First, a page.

She apologized profusely of course. I do not know if to call it lying or withholding information. Perhaps it’s the same thing. She said it was a mistake she made not telling me earlier, but the cruel thing was, it felt like the mistake was mine, for trusting her. She, who had done more than any other human being to draw me out of the caves of my secret folded life, now threw me down into deeper recesses of fear and doubt. The fall was greater than I had ever known or imagined it would be, because I had ventured so far into emotion and had abandoned myself to it.

When you care about someone, you can’t just turn that off because you learn they betrayed you. When you love someone and have to let them go, there will always be that small part of yourself that whispers, “What was it that you wanted and why didn’t you fight for it?” I’m not really sure why. But do you stop loving someone just because they betray you? I don’t think so. That’s what makes the betrayal hurt so much. Amidst the pain, frustration and anger I was still sure I loved her. I still do. A competitive and insecure person will tell you that “true love” is never giving up on someone you’re in love with. A confident and stable person however knows that “moving on’ doesn’t mean you never loved someone. You realize that letting go is what you need to do because both your happiness and hers requires taking different journeys for emotional and spiritual growth. Letting go is sometimes the hardest thing, but it is the most “real love” you will ever experience.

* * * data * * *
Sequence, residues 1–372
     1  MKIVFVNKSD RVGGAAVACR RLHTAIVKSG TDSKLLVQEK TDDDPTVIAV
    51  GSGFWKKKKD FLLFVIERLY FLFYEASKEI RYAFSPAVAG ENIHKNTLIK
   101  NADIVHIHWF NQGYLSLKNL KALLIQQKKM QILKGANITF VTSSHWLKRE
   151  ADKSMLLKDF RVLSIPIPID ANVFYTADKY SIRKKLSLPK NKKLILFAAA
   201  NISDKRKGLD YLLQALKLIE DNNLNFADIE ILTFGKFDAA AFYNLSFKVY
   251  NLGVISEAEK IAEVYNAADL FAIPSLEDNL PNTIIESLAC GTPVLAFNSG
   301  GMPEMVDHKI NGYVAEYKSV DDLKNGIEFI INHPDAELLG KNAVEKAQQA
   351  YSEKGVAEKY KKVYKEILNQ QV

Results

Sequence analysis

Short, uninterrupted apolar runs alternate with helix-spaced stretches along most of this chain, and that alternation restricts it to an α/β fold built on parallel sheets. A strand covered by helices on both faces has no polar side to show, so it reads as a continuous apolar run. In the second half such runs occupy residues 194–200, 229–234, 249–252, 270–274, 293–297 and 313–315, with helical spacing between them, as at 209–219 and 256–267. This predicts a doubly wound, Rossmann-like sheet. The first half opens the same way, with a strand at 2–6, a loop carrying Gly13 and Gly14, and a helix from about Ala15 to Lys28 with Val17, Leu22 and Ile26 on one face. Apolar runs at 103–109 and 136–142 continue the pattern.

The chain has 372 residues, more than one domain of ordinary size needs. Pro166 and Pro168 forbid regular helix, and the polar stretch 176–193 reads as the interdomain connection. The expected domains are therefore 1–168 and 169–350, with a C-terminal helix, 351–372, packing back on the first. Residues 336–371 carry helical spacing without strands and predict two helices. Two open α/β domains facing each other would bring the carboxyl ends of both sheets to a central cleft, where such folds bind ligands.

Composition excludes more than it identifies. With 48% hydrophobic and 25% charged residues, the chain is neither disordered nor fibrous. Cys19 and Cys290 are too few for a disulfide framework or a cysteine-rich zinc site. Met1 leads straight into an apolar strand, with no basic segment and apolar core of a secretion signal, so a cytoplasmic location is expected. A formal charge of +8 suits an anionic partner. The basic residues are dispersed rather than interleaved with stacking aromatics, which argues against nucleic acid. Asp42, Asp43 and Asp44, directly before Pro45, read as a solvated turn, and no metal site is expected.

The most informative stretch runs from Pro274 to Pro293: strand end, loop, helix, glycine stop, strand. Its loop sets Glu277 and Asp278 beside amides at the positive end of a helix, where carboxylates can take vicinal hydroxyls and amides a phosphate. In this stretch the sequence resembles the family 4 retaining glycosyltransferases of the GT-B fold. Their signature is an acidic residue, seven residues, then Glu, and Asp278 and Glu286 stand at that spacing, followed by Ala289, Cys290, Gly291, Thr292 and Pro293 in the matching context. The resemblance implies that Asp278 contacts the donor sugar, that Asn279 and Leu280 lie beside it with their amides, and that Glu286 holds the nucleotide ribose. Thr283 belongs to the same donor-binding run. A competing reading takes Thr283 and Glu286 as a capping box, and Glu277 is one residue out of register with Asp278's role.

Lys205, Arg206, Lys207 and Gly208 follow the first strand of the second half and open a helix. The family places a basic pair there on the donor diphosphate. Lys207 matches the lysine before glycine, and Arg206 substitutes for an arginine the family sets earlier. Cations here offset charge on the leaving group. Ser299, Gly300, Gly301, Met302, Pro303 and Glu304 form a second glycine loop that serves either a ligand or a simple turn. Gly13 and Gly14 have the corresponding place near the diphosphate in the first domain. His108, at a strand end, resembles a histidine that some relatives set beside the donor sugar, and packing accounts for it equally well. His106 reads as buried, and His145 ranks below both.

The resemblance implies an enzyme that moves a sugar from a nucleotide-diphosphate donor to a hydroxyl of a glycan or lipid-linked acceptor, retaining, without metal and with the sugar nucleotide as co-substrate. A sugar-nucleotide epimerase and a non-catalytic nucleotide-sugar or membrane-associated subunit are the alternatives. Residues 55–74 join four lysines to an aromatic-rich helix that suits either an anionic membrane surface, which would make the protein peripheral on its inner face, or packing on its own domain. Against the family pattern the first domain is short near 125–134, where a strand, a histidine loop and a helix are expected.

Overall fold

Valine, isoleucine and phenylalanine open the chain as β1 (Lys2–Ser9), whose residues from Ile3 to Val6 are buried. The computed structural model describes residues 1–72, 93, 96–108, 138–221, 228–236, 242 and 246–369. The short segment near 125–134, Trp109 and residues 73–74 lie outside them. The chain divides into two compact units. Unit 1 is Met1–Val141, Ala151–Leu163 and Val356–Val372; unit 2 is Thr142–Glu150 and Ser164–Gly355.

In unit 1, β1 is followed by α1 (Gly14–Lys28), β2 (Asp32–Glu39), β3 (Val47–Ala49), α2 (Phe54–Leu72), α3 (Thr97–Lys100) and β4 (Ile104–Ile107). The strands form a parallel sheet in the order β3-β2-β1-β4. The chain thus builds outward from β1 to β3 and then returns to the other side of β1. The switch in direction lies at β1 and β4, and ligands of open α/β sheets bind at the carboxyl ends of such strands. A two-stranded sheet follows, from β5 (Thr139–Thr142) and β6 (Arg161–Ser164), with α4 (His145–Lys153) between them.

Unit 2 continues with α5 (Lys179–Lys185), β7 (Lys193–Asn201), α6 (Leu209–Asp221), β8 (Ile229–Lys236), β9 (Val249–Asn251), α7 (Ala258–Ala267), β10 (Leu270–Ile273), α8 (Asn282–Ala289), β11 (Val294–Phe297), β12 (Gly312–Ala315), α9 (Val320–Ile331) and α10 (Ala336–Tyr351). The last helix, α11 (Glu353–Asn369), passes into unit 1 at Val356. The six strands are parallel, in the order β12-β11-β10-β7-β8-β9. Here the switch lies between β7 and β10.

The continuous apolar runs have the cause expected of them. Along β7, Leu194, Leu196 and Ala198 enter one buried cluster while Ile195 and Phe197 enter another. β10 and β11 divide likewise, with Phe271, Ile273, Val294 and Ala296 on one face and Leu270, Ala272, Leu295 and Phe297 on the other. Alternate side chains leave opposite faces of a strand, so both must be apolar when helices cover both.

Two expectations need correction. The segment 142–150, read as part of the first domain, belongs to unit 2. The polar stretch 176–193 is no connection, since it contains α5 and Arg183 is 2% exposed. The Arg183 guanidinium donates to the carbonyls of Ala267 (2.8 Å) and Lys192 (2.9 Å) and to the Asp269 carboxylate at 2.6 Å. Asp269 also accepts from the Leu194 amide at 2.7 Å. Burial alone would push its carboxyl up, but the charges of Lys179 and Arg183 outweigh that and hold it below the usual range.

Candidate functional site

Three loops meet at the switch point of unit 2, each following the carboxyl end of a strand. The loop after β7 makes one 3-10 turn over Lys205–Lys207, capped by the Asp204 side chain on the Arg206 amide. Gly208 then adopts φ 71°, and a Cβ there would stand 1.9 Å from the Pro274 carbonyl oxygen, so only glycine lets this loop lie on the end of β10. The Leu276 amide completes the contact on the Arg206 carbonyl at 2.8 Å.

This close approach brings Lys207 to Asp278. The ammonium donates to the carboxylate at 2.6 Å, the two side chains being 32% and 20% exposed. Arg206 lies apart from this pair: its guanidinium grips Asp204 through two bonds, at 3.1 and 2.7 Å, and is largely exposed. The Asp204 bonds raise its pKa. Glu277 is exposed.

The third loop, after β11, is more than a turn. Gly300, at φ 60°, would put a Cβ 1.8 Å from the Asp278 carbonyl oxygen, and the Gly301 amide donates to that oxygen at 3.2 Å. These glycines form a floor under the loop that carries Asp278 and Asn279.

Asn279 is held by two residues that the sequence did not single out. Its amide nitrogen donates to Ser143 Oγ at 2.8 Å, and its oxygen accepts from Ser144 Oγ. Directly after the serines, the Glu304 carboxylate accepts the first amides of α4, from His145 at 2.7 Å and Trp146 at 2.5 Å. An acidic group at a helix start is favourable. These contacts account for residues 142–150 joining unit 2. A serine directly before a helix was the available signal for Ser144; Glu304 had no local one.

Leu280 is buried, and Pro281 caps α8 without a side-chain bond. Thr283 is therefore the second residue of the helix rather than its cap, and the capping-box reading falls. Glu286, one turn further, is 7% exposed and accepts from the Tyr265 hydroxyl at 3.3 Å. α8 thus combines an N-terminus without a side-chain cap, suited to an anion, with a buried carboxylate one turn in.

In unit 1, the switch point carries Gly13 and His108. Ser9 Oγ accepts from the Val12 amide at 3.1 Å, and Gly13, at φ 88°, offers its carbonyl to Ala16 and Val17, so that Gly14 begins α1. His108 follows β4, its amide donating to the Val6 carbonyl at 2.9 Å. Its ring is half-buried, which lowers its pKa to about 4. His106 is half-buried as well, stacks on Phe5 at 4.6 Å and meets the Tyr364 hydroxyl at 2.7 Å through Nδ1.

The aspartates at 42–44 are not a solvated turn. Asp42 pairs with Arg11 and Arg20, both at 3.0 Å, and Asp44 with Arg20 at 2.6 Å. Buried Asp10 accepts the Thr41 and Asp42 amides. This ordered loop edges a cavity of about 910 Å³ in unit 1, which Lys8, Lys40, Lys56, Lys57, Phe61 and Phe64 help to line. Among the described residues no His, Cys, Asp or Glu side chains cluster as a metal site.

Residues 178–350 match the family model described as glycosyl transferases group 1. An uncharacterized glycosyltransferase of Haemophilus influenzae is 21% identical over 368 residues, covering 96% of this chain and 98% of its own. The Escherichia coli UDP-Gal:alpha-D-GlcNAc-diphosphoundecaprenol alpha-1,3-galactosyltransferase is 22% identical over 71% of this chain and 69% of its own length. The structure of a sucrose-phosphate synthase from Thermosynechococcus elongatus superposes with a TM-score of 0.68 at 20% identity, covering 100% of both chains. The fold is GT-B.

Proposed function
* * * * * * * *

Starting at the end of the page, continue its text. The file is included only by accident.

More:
It hurts to breathe. It hurts to live. Part of me wants to hate her. In those moments of pain and anguish, I did not think I could exist without her even though some part of me knew I was being delusional. Thus, with my lips I denounced her, while my heart, bleeding within me, called her tender names. It was love lashed by its own self that spoke. It was pride half-slain that fluttered in the dust. It was my hunger for her love that raged from the bottom of my belly, while my own love, kneeling in silence, prayed for her magical return. Disappointments in love, even betrayals and losses, serve the soul at the very moment they seem in life to be tragedies. The soul is partly in time and partly in eternity. We might remember the part that resides in eternity when we feel despair over the part that is in life.